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US and Taliban sign historic peace deal to end 18-year war

US Special Representative for Afghanistan Reconciliation Zalmay Khalilzad (L) and Taliban co-founder Mullah Abdul Ghani Baradar (R) shake hands after signing the peace agreement between US, Taliban, in Doha.


America’s longest war finally has an end in sight.
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The US and the Taliban signed a peace deal Saturday that could see all American troops withdrawn from Afghanistan by May 2021, ending the conflict that began less than a month after the Sept. 11 terror attacks.
President George W. Bush launched the invasion in pursuit of 9/11 mastermind Osama bin Laden and al-Qaeda, who was sheltered in Afghanistan’s mountains by the Taliban, a militant Islamist group.
Over the years, as the US helped to train Afghanistan’s military and build up the civilian government, the fighting left 2,309 US troops dead and 20,660 injured ⁠— and cost more than $2 trillion.
“We’ve had tremendous success in Afghanistan in the killing of terrorists, but it’s time after all these years to bring our people back home,” President Trump said at a news conference Saturday in Washington.
At a ceremony in Doha, Qatar, US Special Representative Zalmay Khalilzad and Taliban leader Mullah Abdul Ghani Baradar signed the agreement, hashed out over months of negotiations.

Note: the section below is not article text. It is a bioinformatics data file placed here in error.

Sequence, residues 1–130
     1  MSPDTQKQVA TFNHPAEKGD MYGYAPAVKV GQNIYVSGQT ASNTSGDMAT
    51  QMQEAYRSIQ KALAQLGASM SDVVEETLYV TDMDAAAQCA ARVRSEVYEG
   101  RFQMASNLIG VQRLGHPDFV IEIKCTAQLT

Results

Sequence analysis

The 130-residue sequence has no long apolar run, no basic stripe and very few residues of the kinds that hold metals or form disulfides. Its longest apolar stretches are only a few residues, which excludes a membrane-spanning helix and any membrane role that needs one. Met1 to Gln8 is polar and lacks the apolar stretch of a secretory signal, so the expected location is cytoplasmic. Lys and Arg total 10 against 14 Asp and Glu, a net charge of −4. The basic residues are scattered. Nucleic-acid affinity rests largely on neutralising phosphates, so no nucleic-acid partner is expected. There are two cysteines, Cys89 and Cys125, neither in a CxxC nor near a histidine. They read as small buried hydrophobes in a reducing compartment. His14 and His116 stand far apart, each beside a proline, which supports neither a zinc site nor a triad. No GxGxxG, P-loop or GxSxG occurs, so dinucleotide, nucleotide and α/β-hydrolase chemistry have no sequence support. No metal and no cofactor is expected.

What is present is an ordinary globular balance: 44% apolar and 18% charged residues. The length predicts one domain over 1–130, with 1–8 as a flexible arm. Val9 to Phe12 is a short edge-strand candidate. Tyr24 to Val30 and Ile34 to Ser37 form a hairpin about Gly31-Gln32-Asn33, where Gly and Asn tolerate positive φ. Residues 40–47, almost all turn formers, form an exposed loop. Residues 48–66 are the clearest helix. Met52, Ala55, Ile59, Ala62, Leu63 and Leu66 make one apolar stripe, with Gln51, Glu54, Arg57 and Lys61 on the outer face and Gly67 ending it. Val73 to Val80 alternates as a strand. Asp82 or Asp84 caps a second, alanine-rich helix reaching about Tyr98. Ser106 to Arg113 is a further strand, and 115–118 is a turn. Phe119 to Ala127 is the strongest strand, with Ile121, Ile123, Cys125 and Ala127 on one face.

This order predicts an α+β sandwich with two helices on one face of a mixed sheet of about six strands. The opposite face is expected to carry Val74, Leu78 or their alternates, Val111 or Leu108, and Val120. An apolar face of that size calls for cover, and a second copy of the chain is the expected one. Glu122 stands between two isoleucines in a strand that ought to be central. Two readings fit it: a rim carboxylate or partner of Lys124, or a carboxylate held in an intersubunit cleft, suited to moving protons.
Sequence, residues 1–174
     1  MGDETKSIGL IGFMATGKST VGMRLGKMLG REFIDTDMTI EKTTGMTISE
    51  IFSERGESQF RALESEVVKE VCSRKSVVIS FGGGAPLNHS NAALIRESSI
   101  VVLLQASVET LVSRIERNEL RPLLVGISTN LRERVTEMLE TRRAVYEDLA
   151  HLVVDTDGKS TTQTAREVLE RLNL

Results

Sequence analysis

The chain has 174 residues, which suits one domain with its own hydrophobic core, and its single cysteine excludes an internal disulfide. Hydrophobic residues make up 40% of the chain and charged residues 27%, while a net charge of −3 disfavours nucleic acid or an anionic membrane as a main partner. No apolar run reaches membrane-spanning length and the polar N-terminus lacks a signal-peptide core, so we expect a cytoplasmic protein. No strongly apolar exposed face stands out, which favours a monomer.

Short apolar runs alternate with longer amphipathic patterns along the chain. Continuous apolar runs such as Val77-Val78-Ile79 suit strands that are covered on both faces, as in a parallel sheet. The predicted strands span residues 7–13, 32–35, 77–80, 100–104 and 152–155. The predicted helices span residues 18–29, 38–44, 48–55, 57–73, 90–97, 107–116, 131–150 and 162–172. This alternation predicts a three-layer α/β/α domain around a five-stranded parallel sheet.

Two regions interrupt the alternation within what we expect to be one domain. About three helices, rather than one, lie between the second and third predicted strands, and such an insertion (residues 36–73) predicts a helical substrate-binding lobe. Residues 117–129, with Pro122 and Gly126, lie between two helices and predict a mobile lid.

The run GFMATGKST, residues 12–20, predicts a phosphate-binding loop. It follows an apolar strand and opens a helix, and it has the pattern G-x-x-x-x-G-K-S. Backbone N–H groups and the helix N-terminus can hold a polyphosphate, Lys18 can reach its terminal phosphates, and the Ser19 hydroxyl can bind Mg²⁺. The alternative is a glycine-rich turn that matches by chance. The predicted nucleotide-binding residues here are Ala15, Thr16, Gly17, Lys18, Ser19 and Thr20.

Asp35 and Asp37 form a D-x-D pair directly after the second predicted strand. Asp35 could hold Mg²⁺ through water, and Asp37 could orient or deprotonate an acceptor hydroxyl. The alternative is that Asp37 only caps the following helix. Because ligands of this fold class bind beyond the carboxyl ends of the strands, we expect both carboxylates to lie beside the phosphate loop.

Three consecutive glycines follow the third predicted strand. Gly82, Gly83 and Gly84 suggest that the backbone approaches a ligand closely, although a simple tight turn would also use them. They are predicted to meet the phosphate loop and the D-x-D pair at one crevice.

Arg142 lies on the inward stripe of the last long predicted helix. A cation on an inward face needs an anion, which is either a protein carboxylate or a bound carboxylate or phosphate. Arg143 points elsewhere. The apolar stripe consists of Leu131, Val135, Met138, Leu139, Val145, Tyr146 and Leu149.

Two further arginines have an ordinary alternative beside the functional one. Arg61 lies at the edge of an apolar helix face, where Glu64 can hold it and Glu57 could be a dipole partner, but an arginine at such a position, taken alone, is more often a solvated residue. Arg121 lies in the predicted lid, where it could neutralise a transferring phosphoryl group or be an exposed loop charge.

“I call on all Afghans to honestly work for peace and gather around the table for peace negotiations,” Baradar said.
Key points of the deal:
• The US will draw down its forces to 8,600 troops from about 12,000, and close five bases, all by mid-July. Remaining troops will be withdrawn by May 2021.
• The Taliban will prevent militant groups from using Afghan soil to threaten the US and its allies.
• The Afghan government will release up to 5,000 Taliban prisoners in exchange for 1,000 Afghan security forces held by the Taliban.
• The US will work to remove Taliban members from sanctions.
•  The Taliban and the Afghan government will start negotiating a comprehensive cease-fire in March.
“I could not be more supportive of this agreement,” said Rep. Max Rose (D-Staten Island), who served in Afghanistan from 2012-13. “I don’t want to see us send another generation of soldiers into a conflict that we should be winding down.”

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